I recall it like it happened yesterday. I had just started my first CIO job and wanted to be successful. I had heard rumors about a CIO "dalai lama" who knew the secret to success. I climbed many mountains looking for this mystic and at last found the cave where she dispensed her advice. Her assistant told me that I could ask only three questions.
So I approached the guru and asked, "What is the most important thing to know about being a CIO?"
"Remember this," she replied. "To your IT customers, you are a desktop icon."
Her answer was disconcerting. "I'm a desktop icon?"
Confused, I asked, "What does that mean?"
"I'm sorry, you have asked your three questions," her assistant said. "Step aside."
OK, so it didn't really happen quite that way, but the result was the same. I met with a highly successful CIO with a reputation for being a visionary. I asked her about her secret for success, and she really did say that IT customers view IT as a desktop icon. She explained that internal and external customers interact with IT by double-clicking on a desktop icon. They expect that technology will respond with the product or service they want to use.
As I pondered this advice, it made sense. One perspective of an IT leader's role is to provide technology products and services to customers. In this view, I am a product manager (much like a commercial software
Understand market needs. In a product manager role, we need to understand our customers' needs (even if these customers don't know how to or aren't able to articulate them). We need enough familiarity with customers' needs that we can propose and design solutions. One helpful way to do this is to spend a day in the life of a customer: Spend a day as a material handler, work a day in a retail store, volunteer to work on a marketing campaign, go on sales calls with the sales force. These experiences give us the context to design solutions that truly add value.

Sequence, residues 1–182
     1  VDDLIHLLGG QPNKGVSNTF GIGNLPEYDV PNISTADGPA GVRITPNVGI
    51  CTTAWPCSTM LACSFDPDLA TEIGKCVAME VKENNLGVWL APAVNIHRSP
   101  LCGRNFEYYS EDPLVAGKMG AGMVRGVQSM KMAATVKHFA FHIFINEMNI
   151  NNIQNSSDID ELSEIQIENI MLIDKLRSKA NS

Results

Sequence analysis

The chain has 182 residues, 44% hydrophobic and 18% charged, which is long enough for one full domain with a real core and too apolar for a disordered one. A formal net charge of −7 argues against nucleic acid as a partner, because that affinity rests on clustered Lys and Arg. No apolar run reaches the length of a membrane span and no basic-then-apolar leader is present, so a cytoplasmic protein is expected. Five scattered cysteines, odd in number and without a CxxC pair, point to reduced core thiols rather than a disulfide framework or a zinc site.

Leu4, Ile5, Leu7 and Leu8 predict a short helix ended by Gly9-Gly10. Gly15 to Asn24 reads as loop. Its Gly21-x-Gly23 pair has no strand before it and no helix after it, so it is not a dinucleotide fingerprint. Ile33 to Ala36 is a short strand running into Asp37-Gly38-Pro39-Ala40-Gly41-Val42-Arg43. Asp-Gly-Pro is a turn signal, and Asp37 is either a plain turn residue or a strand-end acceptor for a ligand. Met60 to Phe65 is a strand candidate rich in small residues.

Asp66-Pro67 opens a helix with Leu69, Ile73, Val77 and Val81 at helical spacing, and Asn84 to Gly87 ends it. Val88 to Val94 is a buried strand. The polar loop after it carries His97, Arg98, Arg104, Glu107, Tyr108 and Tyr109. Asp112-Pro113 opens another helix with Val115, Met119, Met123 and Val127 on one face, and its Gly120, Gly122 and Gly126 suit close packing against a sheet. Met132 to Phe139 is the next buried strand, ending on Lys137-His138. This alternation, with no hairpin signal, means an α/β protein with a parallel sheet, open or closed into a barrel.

Develop product roadmaps and product lifecycle plans. Effective product managers create multiyear, multiphased features and function maps that take their products from launch to retirement. We should have the same approach to our IT products and services. Does our network design anticipate (based on and prioritized according to market needs) future enhancements? Does it factor in its eventual replacement? Do we have something similar for our financial applications and decision support tools?
Conduct formal product launches. I hope to avoid comparisons to marketing people (they frighten me with their lack of logic), but we should approach the release of new products and enhancements the way they do. We should conduct market tests and pilots, identify gaps in capabilities, train to fill the gaps and communicate via formal company-wide launch campaigns.
Define and use product success criteria. As we design our products and services, we should also identify ways to measure product performance. For example, we might define the acceptable wait time and drop rate for transactions in an interface table. Our product works if and when we meet these criteria.
Our customers depend on us to deliver technology products they need. Approaching their needs from the product manager perspective can foster success by making you more of a business partner and less of a desktop icon.
Niel Nickolaisen is vice president of strategy and innovation at EnergySolutions Inc. in Salt Lake City. He is a frequent speaker, presenter and writer on IT's dual role enabling strategy and delivering operational excellence. Write to him at firstname.lastname@example.org.